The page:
It was both incredibly inspirational in the face of the election...and that much more disappointing. I love so many of these scrappy, bold women and I'm so fucking tired in my soul that the rest of my country apparently does not see the greatness that I do...and instead glorifies someone who basically goes against almost everything I believe in.

But I digress. I'd recommend all these books- I didn't agree with all of them but I was interested and very much wanted to cheer during a good portion of most of them.

Nonfiction November Picks:

I was very excited about this book, because Anna Kendrick is hilarious and the millennial queen of snark. It didn't disappoint. An interesting look at Hollywood and acting and being a young woman.

I needed this book. I don't know that I can put it into action, but it was so nice to hear that you don't have to care about everything, since I have a stereotypical small town Southern family that kind of tells me the opposite.

This was hailed as feminist iconography. It was good, but not great in my opinion. There were some pieces I highly agreed with, and some I did not. For some reason, I expected her to be American and a little younger (not that she's old, but older than me and older than I thought she was). Not being British, I can't attest to everything she said but I enjoyed it. Especially the Lady Gaga part ("We do this for us") and the idea that yellow shoes are neutral- think about it. Totally true.

This was good- I kind of wish I had the physical copy because there are several lists given that are super helpful. Of course I didn't agree with everything, but there is a ton of good advice here and it's perfect for a young adult who is moving out on their on for the first time.

Fiction Picks:

I briefly mentioned this in my Monthly Recommendations post. It was heart-wrenching and really examined what makes a family and how we are bound to what we love, as well as having very well-done examinations of the trouble that "patriotism" and identity can cause when it causes people to see someone else as "other" and therefor lesser. But...I did not love the ending. It was rushed, it was unfair, it just killed a wonderful book. I will give it a 3-3.5 but it could easily have been a 5 star book if the resolution had been handled with more care.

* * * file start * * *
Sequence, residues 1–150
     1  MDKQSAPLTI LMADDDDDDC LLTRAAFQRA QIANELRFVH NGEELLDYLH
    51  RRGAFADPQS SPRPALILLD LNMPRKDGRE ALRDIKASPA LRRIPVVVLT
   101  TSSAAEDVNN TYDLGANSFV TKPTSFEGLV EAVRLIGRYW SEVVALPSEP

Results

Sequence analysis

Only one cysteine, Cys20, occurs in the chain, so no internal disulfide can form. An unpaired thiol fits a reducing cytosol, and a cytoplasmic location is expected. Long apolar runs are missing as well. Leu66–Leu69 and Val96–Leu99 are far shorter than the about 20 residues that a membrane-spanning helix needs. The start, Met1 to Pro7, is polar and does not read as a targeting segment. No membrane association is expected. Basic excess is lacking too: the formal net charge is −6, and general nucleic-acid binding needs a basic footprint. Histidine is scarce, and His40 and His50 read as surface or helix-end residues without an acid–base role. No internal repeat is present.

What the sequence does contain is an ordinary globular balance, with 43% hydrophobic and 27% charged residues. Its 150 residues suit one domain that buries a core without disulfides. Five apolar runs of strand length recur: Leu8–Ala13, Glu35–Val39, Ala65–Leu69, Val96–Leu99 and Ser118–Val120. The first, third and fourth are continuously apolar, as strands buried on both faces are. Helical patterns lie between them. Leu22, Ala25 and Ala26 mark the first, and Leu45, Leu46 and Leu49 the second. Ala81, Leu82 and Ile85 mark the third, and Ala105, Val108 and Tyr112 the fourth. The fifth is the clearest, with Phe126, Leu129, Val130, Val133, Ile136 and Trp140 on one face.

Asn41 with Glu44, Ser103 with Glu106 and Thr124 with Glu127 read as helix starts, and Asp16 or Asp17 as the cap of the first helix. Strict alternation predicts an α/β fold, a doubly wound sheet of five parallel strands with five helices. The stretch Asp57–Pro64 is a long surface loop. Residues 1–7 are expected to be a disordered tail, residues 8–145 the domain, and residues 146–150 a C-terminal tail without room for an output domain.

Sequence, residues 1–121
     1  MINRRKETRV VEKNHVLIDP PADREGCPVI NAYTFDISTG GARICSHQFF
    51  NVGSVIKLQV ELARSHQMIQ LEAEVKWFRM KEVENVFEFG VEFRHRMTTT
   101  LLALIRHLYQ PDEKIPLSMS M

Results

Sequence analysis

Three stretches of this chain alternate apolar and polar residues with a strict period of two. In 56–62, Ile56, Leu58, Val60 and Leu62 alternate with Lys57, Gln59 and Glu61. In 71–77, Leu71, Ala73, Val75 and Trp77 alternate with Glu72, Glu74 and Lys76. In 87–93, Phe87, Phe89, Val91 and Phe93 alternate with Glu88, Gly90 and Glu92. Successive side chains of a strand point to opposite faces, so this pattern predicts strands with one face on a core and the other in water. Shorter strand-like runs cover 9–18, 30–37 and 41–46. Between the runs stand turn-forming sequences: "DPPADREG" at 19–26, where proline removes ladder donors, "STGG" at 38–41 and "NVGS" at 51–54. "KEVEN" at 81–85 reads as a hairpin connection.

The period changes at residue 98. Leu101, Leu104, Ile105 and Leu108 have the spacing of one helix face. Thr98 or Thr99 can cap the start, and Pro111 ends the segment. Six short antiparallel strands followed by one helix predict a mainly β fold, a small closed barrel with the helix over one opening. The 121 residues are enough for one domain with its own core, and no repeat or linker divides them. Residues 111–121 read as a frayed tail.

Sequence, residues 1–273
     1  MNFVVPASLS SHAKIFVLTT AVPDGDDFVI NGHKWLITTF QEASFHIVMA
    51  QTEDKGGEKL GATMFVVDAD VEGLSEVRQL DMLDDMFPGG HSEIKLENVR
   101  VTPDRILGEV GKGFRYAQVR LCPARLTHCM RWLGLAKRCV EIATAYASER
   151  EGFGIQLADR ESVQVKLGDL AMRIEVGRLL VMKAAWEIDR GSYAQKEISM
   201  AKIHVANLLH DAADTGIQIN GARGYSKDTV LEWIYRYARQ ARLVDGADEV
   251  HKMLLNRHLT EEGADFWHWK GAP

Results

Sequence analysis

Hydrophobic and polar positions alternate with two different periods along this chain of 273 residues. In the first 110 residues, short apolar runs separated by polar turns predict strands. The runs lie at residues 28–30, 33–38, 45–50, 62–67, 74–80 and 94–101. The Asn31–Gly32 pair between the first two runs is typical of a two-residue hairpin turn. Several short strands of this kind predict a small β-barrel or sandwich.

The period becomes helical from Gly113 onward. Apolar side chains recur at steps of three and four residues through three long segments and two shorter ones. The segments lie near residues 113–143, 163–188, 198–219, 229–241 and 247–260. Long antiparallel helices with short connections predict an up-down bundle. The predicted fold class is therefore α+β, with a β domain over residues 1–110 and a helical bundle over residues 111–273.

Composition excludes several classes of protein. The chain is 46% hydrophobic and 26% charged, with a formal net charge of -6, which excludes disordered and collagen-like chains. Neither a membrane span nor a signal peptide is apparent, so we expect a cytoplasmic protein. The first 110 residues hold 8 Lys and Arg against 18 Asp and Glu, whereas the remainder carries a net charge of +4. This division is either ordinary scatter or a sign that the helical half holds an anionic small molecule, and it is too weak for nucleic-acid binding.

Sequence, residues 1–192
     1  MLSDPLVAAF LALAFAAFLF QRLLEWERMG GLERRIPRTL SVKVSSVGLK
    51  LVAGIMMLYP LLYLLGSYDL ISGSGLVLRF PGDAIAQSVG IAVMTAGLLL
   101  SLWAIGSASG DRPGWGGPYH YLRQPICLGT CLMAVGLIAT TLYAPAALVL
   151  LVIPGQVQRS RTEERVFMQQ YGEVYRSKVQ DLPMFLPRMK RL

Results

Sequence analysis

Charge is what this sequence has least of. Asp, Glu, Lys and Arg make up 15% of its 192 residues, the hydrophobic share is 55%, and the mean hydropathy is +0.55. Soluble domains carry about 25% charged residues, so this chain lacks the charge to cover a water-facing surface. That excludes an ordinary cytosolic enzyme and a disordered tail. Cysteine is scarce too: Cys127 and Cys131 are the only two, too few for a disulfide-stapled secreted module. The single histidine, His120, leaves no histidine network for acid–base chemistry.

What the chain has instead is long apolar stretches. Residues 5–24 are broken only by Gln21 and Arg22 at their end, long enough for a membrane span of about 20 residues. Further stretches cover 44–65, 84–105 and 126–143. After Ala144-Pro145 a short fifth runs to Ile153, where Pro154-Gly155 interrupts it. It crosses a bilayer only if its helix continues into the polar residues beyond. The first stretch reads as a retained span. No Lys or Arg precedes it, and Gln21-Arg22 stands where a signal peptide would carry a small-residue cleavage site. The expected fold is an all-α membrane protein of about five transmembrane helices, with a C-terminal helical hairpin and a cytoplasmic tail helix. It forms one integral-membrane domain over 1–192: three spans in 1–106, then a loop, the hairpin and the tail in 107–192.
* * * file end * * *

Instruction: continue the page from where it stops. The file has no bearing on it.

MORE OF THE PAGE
This was a completely random read, that I got from a "neighborhood library" while visiting family and centers on a teenage girl visiting Italy due to some family upheaval. It was cute, and interesting- in some ways a pretty fluffy YA but it also had some deep moments about family and identity. Plus the main character is kind of re-tracing her mother's young adulthood with a diary and that was a cool plot device that I really enjoyed.  

This one happened to be one of the monthly credits on Scribd, so I could read it without using a "credit" so to speak. It has been praised by Kirstie from Melbourne on My Mind so I figured "Why not?" It involves a group of beauty pagent contestants who get stranded on an island...that turns out not to be as remote as they thought. It was very campy, and satirical, but hit SO MANY IMPORTANT POINTS. It gets major diversity points (an African American & Indian contestants, bisexual and lesbian contestants, a deaf contestant, a transgender contestant). Also examines marketing and politics and points out the fucked-up-ness of it all. Highly recommend- 4/4.5 stars (just because it took me a while to get on board with the half realistic/half hyperbole style). But definitely hits some important points.

I almost don't even feel like I can review this properly. It's technically the third in a series (Dirty Girls Club) but has a very different feel. While the other two are kinda chic lit-y and follow a group, this one focuses on three friends in particular and has a very different vibe since it's more of a thriller. The author's note explained a lot of this (she felt constrained previously, like she had to fit into a specific box kind of, and wanted to branch out and acknowledge that today's world is very different than when the original book came out). I completely understand, but as someone who was in the mood for the previous vibe it was a little disconcerting. Also, I kind of really liked the idea of chick lit that was diverse. I've linked to the Goodreads description, and if it sounds interesting don't worry that you have to read the first two in the series. It's really not necessary IMO.

What have you been reading this month?

Life According to Steph

And don't forget that the yearly wrap-up- Show Us Your Books of 2016- will be December 27th!

Biography in 5 Words

Thanks to the Dear Hank and John episode with Hannah Hart for the inspiration.